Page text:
• Bruce94

    Great show illuminating some of the critical issues affecting both the standard of living and quality of life we enjoy in the U.S.  I would agree with most of Freeland’s analysis except when she implied that Romney’s success at Bain reflected the experience of a self-made, super-rich, risk taker. 

    My understanding is just the opposite:  Romney left Bain and Co. to cofound Bain Capital only AFTER the partnership agreement was amended to remove any and all financial or professional risk to Romney.  As a child of privilege and wealth, unlike his father, Romney had his old boss and family to fall back on in the event that Bain Capital failed.

    As for the rest of Freeland’s analysis, I was surprised by the apparent lack of focus on social mobility.  In the U.S. historically there has been greater tolerance for income inequality because the doors of opportunity used to be kept wide open.  Now we see opportunity waning as many of the most advanced, industrialized countries with whom we compete have surpassed us in terms of social and economic mobility.  Whether measured by the influence of parental background on student achievement (PISA) or intergenerational earnings elasticity, mobility in U.S. has been declining as compared with not only the Nordic countries, but also Australia, Canada, Germany, Spain, France and Italy.

    I think one of the biggest reasons we see a decline in our mobility and increasing inequality relative to these other countries is that they have historically made the necessary public investments in human capital (e.g. education, job training, health care), infrastructure, research, and innovation to keep the middle-class expanding and living standards improving. 

    Romney and the elites he represents say they don’t want public spending to rise above 20% of GDP.  This limit entails fiscal and tax policies that IMO would not only cause the U.S. to lag further behind nearly every other advanced country in the world, but also inhibit our recovery from the Great Recession in the same way similar policies contributed to the Japanese Lost Decade.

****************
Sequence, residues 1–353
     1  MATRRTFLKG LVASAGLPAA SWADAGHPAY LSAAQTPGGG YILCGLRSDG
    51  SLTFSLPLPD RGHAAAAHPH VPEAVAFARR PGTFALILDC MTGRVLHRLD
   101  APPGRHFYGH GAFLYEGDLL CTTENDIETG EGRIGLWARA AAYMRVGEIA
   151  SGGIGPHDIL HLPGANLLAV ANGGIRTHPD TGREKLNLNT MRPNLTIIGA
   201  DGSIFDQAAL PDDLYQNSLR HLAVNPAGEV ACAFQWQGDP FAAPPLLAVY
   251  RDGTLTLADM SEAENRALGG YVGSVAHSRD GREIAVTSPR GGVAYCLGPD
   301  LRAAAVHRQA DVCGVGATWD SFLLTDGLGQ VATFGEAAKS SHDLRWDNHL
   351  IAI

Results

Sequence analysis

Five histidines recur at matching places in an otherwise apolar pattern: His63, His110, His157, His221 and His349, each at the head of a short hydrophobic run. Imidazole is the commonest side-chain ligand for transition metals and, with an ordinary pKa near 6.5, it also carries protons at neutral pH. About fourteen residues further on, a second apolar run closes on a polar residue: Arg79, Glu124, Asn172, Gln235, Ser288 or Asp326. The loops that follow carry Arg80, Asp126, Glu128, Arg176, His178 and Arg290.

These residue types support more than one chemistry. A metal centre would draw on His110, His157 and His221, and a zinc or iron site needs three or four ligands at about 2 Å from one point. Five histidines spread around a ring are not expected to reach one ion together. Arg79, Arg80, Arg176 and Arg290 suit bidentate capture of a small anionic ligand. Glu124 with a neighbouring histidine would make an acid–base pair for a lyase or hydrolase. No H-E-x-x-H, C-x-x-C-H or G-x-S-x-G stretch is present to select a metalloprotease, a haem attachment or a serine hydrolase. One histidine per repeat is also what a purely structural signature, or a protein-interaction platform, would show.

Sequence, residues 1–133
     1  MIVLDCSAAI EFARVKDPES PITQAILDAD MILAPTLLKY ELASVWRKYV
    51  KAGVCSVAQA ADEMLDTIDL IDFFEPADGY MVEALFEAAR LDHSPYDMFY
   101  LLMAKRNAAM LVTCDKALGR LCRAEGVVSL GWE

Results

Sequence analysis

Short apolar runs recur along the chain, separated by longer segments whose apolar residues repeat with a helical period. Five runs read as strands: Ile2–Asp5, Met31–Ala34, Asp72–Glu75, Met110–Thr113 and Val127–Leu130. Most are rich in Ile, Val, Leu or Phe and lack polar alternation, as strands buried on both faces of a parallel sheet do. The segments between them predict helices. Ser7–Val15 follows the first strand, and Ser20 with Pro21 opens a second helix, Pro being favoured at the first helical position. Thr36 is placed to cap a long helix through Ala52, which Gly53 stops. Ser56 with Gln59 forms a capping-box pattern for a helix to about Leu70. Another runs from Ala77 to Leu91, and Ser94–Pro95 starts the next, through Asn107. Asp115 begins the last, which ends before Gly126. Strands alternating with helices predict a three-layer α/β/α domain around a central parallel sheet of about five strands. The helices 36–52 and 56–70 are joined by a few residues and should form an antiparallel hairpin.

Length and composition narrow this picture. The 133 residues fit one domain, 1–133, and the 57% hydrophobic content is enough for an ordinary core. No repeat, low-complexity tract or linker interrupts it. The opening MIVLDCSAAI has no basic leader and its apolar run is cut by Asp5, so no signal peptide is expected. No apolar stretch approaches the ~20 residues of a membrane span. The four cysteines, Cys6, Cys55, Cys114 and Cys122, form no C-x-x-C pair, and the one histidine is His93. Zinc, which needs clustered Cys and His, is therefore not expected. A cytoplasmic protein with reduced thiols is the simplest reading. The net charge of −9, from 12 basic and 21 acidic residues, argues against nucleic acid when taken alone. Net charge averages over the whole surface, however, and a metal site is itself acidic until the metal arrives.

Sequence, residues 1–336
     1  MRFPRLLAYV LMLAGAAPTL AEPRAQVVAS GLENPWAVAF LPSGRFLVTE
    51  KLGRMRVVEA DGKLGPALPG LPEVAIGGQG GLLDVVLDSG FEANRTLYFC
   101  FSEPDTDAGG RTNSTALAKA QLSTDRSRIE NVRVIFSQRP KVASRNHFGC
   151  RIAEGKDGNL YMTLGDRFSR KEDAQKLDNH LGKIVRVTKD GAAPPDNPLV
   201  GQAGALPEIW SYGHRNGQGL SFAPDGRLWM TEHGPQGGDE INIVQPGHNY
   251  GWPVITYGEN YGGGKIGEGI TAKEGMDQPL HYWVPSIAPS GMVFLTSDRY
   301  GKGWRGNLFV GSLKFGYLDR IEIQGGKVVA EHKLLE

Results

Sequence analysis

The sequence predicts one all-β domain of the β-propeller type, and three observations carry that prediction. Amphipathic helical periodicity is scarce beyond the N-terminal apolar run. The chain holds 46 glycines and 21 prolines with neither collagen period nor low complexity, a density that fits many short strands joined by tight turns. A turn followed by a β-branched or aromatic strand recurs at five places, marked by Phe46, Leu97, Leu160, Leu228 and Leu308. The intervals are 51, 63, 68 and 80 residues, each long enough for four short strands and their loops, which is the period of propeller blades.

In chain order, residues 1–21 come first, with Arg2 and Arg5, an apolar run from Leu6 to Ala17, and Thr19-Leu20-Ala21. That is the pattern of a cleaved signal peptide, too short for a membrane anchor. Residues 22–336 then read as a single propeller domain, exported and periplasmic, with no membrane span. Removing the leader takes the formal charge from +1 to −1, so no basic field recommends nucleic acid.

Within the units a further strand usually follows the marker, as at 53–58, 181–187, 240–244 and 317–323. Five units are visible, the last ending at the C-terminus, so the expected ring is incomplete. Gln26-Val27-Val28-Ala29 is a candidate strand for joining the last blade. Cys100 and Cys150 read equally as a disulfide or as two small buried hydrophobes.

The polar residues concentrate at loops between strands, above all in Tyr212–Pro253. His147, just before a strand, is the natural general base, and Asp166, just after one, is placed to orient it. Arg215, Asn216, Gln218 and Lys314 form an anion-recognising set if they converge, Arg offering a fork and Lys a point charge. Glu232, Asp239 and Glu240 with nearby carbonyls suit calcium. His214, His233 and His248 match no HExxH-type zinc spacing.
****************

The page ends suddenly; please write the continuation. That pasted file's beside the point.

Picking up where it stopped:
• Mattyster

    Everyone should read “Outliers” by Maclolm Gladwell.  Those who believe themselves to be self-made deserve a lot of credit for their own talent and hard work, but they tend to ignore their own luck.  They believe anyone who doesn’t accomplish what they accomplished is somehow less worthy and less competent.  They don’t acknowledge that the luck of their time and place and circumstances also contributed to their success.

    • TomK_in_Boston

      The “born on 3′rd base and think they hit a triple” gang is disgusting. Lord R, with a governor CEO father, thinks he is  self-made. W thought the same. Makes you want to slap them. They are the ones who truly receive “affirmative action”.

      There is a lot of foolish discussion on this topic, like saying that one example of success from a poor background, eg snoop dawg, means the system is fine. It’s all about the statistics, the odds. In the 50s and the 60s we had hard working people moving up, we had rich people, and we had people failing economically despite their efforts. We had people falling behind because they were lazy. Hey, we were capitalists. Winners and losers, the free market, etc, despite tax rates that today’s TeaOP would call socialism. Eisenhower the socialist, LOL.

      The difference between then and now is that MORE people were moving up, and FEWER were falling behind, based on THE SAME hard work that Americans do today, and their children were doing even better. Why? Because the system is now massively biased toward the elites, and doesn’t support the middle class like it used to.

      Simple example: great public education at State U used to be almost free. Now it’s getting expensive because the states can’t tax the rich to pay for it. What do you think, are the odds better for a poor kid to move up with nearly free higher ed or with expensive higher ed?

    • hennorama

      “They believe anyone who doesn’t accomplish what they accomplished is somehow less worthy and less competent.”

      They not only believe those things, they also believe those who are unlike them are lazy irresponsible victims.
      Well … at least one of the super-rich has been quoted on the topic: